By and large, the earlier-mentioned prohibition under California law of openly carrying firearms in public has been treated in discussions of Peruta as if it were given, something that has always existed. That is simply not so. Throughout most of its history—from September 9, 1850, the date on which it was admitted to the Union, until June 28, 1967—open carry was perfectly legal in California. On the latter date, the state legislature passed the so-called Mulford Act, a measure named in honor of its principle sponsor, representative Don Mulford, an openly racist Republican whose East Bay district included the city of Oakland.


Explicitly intended to outlaw the practice adopted by the recently formed and Oakland-based Black Panther Party for Self-Defense of conducting armed street patrols to “police the police,” which the Panthers quite accurately characterized as an all but exclusively white “occupying army” long notorious for its routine infliction of violence upon and otherwise systematically violating the rights of those living in the city’s sprawling black ghetto, the Mulford Act cannot be rationalized as an attempt to reduce social violence, as such, whether real or potential. To the contrary, since the Panthers’ patrols, far from precipitating an uptick in ghetto violence, had demonstrably forced a marked and rapid drop-off in its gratuitous dispensation by the Oakland PD to residents in that part of the city, it was plainly meant to serve a very different purpose.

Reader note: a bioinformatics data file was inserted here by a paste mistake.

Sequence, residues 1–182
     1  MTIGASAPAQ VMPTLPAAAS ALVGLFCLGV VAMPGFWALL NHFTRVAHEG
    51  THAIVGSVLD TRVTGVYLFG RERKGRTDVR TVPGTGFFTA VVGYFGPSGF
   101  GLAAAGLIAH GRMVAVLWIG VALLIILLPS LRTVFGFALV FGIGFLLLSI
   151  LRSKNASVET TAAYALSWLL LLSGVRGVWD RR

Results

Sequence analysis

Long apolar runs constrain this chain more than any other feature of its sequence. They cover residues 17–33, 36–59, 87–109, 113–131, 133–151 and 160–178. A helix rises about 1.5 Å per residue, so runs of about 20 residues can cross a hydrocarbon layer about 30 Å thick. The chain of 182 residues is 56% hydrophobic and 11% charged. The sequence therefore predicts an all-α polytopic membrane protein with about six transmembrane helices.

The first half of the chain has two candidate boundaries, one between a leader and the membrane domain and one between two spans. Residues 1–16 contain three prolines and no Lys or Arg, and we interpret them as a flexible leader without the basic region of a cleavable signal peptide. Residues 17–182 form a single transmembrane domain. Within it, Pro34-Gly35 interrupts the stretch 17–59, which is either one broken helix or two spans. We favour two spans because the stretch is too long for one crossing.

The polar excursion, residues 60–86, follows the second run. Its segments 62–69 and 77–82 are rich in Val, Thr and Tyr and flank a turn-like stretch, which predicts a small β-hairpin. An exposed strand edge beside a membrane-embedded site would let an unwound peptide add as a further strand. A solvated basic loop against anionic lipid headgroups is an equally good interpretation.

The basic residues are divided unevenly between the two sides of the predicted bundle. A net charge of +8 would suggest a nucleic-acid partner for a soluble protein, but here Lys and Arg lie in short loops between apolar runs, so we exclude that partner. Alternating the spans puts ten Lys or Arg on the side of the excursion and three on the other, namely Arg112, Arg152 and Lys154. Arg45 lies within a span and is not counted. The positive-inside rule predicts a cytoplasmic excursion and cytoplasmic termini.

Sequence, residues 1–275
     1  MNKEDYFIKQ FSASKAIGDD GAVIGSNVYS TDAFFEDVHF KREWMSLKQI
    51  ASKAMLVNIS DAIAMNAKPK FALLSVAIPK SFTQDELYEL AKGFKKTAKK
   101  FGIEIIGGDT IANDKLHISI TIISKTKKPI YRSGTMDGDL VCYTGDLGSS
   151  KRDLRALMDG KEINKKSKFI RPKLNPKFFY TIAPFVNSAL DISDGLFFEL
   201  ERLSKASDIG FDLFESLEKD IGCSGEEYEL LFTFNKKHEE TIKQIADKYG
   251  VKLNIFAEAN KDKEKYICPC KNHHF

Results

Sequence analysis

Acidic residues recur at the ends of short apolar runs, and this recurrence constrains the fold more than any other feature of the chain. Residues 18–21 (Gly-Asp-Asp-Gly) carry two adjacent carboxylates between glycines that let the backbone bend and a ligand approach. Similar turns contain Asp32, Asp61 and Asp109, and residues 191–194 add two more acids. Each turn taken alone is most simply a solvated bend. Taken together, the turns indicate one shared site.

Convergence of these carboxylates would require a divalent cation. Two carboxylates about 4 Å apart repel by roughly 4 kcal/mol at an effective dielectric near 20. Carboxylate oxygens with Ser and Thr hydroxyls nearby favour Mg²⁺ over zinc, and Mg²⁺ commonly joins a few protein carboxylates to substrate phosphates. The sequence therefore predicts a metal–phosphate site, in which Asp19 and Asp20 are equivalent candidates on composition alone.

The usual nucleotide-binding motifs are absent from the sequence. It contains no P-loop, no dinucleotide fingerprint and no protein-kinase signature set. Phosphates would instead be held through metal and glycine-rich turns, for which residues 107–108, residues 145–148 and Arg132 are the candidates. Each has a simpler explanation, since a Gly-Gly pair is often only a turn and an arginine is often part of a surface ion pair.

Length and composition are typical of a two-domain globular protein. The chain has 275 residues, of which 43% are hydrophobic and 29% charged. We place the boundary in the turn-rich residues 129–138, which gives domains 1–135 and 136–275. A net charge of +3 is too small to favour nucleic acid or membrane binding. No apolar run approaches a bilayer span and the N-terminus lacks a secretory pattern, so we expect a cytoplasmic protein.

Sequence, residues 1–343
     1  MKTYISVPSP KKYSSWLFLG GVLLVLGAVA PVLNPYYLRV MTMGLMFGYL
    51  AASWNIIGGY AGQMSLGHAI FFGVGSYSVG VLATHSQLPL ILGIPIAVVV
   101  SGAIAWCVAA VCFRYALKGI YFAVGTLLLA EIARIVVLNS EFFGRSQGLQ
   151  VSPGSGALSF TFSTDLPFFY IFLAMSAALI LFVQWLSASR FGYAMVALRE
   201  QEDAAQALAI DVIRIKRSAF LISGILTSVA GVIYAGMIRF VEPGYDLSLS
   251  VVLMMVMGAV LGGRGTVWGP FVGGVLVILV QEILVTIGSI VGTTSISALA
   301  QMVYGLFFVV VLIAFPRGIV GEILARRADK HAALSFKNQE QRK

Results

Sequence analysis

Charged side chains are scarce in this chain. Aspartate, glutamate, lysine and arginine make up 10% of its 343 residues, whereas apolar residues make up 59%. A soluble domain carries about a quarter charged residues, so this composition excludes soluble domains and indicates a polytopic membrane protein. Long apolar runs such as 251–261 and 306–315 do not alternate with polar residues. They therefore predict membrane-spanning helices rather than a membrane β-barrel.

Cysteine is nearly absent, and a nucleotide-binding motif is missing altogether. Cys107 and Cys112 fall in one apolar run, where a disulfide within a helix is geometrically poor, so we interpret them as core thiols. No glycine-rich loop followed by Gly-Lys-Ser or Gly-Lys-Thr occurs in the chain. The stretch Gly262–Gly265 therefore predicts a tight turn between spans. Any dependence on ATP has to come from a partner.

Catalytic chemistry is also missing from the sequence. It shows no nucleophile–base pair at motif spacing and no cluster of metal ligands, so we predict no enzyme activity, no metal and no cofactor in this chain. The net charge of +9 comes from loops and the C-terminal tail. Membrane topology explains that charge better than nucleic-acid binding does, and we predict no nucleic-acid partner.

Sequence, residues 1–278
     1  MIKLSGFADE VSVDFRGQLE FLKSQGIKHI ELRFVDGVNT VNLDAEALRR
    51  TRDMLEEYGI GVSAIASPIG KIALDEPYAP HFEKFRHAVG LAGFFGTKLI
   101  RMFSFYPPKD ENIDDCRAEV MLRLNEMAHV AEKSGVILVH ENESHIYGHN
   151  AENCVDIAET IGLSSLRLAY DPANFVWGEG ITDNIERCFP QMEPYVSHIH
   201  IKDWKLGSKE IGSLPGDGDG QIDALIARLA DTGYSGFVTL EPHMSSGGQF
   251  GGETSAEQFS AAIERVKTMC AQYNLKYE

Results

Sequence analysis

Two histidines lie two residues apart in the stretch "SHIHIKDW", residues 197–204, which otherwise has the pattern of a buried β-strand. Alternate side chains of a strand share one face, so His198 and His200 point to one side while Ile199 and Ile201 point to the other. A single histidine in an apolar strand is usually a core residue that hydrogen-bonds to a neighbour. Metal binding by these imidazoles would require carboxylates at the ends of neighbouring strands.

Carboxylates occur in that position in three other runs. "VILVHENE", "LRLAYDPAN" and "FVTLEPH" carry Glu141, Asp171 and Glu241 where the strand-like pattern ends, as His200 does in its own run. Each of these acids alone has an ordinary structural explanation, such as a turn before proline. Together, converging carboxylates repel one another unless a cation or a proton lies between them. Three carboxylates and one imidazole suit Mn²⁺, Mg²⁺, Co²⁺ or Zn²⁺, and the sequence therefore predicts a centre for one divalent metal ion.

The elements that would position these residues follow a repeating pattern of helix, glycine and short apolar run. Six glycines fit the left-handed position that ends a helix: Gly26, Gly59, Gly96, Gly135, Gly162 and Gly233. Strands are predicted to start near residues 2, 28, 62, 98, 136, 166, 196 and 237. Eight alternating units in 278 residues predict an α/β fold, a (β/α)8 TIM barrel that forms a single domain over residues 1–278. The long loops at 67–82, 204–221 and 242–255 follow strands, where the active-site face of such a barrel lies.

Bluntly put, the Act was in every respect akin to the Klan-endorsed and -enforced Black Codes effected by the former Confederate states during Reconstruction for purposes of disarming and thereby re-subjugating free blacks. The substance of both was/is to sanction certain modes of official and quasi-official violence, the institutional function of which was/is to keep African Americans—and, by extension, other communities of color—in the places collectively assigned them at or near the bottom of America’s sociopolitical-economic hierarchy, while simultaneously criminalizing/precluding the assumption of any viable defensive posture by those communities. At base, such laws form an essential structural component of white supremacy in the U.S. (and elsewhere, for that matter). In their absence, no system of racial domination can be stabilized, much less sustained in perpetuity.